Aid groups working in besieged northern Syria are expressing outrage after a hospital in the town of al-Atareb was destroyed by artillery fire. Six people were killed in the strikes, including a child, and at least 16 injured. The hospital was within the rebel-held pocket of Aleppo province, which has come under renewed bombardment by the Assad regime and Russia in recent weeks after a year-long lull in the fighting. The hospital was jointly supported by the International Rescue Committee and the Syrian-American Medical Society (SAMS). All the casualties were civilians. The IRC said in a statement: “Although SAMS shared the hospital’s coordinates through the UN’s notification system, it came under attack and has now been damaged so severely that it can no longer be used.” (Photo via Daily Sabah)

Syria
kronstadt

Syria: Lessons from Kronstadt 1921

In Episode 65 of the CounterVortex podcast, Bill Weinberg offers his presentation on the panel “Kronstadt 1921 and the Social Crises of 2021,” part of the online conference Kronstadt as Revolutionary Utopia, 1921-2021 and Beyond, marking the centenary of the Kronstadt uprising in revolutionary Russia. In March 1919, Russian naval troops mutinied and took over their island garrison as an autonomous zone, in solidarity with striking workers in Petrograd, and to demand greater freedom and power for democratic soviets (worker councils) against the consolidating one-party state of the Bolsheviks. When the uprising was brutally put down, this marked the first time that international leftist forces found themselves on the side of repression rather than rebellion. A century later, all too many on the international “left” similarly find themselves on the side of repression rather than rebellion in Syria. And the dictatorship of Bashar Assad, unlike the Russia of 1921, is by no stretch of the imagination a revolutionary state. Listen on SoundCloud or via Patreon. (Photo mash-up with images from Rojava Breaking News and RFE/RL)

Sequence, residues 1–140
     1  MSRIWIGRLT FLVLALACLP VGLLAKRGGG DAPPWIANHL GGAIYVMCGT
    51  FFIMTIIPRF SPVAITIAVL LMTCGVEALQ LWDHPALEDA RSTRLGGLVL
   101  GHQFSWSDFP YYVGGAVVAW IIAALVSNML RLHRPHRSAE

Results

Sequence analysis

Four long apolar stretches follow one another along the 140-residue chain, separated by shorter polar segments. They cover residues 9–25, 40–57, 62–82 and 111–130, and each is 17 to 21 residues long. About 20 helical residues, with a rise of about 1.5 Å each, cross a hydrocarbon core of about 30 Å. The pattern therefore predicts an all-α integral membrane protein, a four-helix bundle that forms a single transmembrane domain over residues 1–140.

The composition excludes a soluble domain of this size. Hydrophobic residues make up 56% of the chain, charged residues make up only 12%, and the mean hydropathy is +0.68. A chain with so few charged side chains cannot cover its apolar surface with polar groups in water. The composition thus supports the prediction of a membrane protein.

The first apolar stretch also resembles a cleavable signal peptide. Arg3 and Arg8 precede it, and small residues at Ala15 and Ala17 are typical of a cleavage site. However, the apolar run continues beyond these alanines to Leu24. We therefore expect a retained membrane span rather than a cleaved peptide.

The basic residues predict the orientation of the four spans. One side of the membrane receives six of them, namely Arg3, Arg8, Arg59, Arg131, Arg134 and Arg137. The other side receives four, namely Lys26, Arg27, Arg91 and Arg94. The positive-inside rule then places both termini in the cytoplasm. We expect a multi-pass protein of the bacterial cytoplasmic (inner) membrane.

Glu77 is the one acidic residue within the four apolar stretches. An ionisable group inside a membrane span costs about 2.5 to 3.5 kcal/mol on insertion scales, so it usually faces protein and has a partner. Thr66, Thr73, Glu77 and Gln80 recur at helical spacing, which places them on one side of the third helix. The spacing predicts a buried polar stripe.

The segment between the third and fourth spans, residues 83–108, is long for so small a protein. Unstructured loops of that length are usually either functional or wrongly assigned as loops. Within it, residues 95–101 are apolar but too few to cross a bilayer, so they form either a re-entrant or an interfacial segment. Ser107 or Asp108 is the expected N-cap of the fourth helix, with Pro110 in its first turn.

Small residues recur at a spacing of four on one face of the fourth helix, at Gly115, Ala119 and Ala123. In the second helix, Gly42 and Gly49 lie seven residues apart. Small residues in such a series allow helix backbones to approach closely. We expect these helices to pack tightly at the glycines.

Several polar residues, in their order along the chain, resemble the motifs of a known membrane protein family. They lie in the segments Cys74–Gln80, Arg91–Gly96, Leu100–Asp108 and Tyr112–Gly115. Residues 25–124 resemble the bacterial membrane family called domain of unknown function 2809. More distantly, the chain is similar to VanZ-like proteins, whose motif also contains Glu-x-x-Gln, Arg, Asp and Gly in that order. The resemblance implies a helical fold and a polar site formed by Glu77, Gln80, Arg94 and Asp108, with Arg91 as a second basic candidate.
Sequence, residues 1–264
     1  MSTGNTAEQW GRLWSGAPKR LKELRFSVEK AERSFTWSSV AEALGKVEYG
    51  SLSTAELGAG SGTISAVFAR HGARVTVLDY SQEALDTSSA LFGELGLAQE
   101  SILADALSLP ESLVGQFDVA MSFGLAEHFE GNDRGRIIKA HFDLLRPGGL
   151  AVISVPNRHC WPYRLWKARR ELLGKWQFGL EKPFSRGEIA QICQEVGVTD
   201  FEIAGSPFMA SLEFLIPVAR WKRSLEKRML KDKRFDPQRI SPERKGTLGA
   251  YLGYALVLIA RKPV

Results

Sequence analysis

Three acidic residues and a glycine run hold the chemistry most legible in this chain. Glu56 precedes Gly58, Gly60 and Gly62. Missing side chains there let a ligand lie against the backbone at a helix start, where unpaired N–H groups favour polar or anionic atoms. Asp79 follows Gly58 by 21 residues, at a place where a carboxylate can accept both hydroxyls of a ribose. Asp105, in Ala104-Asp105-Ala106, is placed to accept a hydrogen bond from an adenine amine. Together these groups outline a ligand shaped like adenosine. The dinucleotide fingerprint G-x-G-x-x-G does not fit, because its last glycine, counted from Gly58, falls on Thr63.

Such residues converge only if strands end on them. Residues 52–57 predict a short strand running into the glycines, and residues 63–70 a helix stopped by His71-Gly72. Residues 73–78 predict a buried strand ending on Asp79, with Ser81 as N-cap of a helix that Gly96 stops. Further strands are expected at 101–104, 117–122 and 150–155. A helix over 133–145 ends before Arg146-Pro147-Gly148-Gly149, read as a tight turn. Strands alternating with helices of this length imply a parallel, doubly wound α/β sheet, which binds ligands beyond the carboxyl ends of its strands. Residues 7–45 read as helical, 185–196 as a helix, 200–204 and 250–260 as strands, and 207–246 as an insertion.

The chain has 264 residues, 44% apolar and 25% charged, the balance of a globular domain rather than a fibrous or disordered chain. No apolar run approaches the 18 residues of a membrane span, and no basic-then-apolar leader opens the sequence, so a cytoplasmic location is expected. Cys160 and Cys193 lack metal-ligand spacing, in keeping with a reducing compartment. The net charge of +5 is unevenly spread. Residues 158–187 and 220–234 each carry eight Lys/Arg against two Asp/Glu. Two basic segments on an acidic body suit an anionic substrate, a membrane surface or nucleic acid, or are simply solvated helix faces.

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syria betrayed

Ten years after: the Syrian Revolution betrayed